Will neuroscience one day be able to not merely describe the movement of neurons and brain chemistry but add its own vocabulary to the meaning and nature of human consciousness, as related to or distinct from the brain? And how can we not be fascinated by the evocative echoes between the way quantum physicists have come to describe energy and matter and the way Buddhist philosophy has always described the interconnectedness and impermanence of human experience and all of life? Our understanding of the intersection of mind, life, body, and however you want to define the human spirit continues to unfold and develop, and is one of the most intriguing frontiers of this century.

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A Twitterscript of Richard J. Davidson Interview

by Susan Leem, associate producer

Dr. Davidson and His Holiness the Dalai LamaThe Dalai Lama and Dr. Richard Davidson trade smiles during the first day of the Mind Life XIV Conference at the Dalai Lama’s residence in Dharamsala, India on April 9, 2007. (photo: Tenzin Lhwang/AFP/Getty Images)

Richard Davidson is best known for peeking into the brains of Tibetan Buddhist monks. With brain neuroimaging, he is trying to understand how their contemplative practices change a human brain — functionally and structurally. We’ve wanted to speak with the neuroscientist for several years now, but it wasn’t until Krista spoke to him at Emory University last fall that we were able to schedule an interview.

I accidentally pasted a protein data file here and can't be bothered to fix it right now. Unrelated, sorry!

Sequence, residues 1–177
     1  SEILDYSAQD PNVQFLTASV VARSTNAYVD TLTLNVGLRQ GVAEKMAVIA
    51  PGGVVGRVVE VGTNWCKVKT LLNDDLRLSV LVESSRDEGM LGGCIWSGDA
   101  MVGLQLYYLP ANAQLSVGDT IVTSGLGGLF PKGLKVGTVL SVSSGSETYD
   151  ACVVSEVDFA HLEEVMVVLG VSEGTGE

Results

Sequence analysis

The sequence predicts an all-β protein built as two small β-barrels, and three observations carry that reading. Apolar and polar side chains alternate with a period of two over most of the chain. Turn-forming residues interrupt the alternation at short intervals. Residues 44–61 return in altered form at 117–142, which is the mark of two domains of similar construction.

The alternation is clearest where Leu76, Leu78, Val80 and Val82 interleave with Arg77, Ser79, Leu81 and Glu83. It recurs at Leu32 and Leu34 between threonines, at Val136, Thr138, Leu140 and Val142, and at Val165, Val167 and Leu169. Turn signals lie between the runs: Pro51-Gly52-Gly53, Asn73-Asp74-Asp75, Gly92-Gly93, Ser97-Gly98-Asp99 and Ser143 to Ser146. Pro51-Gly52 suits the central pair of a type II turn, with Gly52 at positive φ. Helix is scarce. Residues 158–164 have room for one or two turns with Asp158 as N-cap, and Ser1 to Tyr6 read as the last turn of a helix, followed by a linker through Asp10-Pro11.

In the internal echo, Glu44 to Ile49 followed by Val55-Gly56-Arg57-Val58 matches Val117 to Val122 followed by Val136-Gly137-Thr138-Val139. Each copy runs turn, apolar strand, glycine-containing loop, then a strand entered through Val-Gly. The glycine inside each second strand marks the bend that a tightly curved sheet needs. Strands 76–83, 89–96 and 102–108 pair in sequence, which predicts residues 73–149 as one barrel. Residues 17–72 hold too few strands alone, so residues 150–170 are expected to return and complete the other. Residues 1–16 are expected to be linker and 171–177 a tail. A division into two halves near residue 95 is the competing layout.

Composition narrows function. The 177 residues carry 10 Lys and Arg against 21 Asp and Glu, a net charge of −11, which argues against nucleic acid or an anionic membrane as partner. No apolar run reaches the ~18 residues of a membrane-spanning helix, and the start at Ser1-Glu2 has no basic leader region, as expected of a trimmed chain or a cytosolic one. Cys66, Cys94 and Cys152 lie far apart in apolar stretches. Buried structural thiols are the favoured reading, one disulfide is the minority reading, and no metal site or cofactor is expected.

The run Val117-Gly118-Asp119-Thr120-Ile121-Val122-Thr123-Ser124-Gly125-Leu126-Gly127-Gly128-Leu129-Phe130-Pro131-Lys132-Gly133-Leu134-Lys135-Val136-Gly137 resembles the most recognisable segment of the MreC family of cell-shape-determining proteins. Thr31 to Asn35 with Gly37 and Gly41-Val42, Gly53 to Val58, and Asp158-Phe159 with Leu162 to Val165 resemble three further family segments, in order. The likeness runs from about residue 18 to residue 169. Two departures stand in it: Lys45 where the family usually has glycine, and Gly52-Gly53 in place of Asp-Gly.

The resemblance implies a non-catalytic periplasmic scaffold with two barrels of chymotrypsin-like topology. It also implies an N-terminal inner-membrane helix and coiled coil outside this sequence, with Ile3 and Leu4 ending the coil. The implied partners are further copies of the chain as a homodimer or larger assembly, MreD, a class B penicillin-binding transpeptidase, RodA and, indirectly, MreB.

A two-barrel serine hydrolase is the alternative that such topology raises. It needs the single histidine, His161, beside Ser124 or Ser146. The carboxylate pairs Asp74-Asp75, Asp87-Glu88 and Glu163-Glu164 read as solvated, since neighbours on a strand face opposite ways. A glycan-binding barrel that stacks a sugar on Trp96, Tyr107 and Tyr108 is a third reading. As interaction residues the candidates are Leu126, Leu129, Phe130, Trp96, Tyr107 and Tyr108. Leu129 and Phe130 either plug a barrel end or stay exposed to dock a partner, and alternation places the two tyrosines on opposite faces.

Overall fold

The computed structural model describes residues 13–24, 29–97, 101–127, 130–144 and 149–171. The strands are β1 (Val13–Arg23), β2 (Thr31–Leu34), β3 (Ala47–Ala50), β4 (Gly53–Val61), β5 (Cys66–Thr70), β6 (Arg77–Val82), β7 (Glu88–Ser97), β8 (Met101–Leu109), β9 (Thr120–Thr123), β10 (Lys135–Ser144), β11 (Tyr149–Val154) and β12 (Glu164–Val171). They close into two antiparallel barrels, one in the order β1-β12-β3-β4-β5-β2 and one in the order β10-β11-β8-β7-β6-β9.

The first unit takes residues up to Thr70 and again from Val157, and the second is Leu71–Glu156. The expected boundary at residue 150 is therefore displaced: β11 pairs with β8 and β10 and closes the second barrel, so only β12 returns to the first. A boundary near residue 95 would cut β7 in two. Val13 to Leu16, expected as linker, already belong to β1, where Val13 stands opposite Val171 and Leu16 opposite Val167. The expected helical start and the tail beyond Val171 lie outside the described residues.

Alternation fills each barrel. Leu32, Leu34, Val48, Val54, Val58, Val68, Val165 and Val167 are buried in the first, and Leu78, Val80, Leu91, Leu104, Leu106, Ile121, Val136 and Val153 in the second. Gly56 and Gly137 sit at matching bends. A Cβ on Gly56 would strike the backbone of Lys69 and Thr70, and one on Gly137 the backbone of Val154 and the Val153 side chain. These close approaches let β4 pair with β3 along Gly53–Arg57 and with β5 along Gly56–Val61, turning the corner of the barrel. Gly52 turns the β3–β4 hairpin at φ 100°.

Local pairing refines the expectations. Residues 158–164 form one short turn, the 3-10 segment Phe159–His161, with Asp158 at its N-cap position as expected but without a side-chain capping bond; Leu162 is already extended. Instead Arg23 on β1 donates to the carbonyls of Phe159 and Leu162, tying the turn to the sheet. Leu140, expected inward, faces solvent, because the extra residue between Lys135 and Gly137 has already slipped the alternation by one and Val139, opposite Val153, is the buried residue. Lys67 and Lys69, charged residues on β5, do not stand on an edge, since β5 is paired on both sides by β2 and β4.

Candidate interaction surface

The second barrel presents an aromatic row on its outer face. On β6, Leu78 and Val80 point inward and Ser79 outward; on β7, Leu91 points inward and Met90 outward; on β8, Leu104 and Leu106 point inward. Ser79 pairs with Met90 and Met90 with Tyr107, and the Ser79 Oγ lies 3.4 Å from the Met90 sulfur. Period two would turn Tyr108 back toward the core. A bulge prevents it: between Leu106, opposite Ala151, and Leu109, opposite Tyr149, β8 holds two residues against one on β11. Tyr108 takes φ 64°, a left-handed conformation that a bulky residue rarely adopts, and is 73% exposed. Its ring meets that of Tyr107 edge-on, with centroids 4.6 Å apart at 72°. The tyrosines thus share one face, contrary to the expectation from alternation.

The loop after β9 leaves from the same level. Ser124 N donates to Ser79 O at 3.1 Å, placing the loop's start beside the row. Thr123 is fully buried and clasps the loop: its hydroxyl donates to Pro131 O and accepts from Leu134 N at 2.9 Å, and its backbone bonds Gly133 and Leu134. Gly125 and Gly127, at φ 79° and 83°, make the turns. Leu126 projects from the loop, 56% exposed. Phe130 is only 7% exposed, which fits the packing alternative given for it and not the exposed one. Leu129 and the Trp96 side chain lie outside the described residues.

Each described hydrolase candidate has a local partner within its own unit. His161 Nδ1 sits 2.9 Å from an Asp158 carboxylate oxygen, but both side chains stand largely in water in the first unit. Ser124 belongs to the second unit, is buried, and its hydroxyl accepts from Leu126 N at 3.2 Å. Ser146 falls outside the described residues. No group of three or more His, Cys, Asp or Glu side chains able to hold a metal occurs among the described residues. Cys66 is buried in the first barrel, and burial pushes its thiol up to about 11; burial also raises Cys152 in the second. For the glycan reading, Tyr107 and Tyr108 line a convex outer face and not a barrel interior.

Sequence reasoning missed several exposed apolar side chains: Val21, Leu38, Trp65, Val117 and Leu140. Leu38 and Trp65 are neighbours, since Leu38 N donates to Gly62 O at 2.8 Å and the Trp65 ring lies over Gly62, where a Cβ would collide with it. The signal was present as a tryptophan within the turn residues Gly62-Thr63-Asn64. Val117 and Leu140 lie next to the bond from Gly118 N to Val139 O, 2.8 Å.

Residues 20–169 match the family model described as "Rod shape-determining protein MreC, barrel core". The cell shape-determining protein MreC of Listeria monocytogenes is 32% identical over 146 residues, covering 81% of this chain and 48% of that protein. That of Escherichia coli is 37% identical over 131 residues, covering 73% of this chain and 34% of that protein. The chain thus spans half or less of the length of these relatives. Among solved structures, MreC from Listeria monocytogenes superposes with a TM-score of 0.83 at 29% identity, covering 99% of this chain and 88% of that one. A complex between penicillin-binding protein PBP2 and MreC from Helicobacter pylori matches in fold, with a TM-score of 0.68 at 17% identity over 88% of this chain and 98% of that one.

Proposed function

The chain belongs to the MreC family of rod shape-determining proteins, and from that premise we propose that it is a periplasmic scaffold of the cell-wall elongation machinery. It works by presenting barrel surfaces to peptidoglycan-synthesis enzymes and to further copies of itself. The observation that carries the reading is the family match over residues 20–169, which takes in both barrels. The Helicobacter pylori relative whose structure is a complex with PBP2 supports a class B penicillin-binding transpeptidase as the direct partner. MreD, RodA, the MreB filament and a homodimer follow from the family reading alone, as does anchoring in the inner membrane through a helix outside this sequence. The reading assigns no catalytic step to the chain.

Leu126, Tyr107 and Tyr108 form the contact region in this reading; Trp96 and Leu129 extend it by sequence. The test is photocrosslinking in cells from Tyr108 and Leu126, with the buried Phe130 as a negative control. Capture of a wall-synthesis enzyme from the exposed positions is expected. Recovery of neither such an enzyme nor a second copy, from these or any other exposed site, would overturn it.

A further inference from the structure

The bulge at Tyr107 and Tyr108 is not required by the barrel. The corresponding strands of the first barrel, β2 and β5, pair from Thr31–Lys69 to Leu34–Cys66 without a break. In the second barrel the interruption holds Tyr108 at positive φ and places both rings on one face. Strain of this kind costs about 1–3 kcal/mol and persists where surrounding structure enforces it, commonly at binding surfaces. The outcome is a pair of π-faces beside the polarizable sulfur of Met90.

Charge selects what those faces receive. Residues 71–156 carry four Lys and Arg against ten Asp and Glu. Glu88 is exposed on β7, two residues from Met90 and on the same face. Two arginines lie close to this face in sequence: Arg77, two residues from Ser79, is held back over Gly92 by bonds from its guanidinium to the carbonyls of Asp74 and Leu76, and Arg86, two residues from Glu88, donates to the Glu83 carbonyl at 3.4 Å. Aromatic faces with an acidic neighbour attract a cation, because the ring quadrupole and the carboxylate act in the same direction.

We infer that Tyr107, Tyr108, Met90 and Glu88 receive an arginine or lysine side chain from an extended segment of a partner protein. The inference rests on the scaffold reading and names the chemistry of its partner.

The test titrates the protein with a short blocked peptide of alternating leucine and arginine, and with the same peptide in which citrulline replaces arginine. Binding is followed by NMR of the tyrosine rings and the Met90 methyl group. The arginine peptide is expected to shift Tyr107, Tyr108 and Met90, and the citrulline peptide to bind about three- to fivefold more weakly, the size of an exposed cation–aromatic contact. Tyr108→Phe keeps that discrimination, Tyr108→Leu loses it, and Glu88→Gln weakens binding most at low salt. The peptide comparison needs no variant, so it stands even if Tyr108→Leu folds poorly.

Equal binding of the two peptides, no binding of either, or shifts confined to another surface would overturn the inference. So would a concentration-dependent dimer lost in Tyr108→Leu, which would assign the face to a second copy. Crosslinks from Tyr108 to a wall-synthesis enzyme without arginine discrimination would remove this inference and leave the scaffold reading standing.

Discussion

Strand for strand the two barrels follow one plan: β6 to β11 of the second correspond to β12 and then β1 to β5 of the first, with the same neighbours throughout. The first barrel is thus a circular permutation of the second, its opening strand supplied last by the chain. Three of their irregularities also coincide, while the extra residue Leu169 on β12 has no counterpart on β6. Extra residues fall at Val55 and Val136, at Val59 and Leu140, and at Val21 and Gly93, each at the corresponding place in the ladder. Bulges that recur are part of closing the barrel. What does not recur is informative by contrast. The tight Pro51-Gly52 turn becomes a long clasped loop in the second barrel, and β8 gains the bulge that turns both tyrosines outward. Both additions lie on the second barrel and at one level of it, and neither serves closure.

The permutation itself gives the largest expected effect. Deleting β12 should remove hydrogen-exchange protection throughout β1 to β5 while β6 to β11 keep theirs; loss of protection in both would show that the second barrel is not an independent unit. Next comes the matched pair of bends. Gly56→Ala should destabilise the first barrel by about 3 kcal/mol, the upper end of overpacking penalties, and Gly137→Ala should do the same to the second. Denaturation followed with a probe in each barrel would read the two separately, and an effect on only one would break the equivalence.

Early in his career, Davidson was discouraged from doing this work by his advisors, who feared he wouldn’t find any results. His research has implications not just for practitioners of Buddhism, but also for improving the learning and social behavior of school children. His most thrilling finding is that our brain is more flexible than we realize, even in adulthood.

We live-tweeted highlights of this 90-minute conversation, which we’re aggregating and reposting for those who weren’t able to follow along. Follow us next time at @BeingTweets:

  1. As we get set for interview w/ neuroscientist Richie Davidson, enjoyed @SmithsonianMag's “Top 10 Myths about the Brain”http://bit.ly/kqRdG7 24 May
  2. Krista is now interviewing neuroscientist Richard Davidson (of @DalaiLama fame)! We’ll be live-tweeting for the next 90 mins. #meditation 24 May
  3. You might know Davidson for peeking into the brains of Buddhist monks http://bit.ly/kLdczm 24 May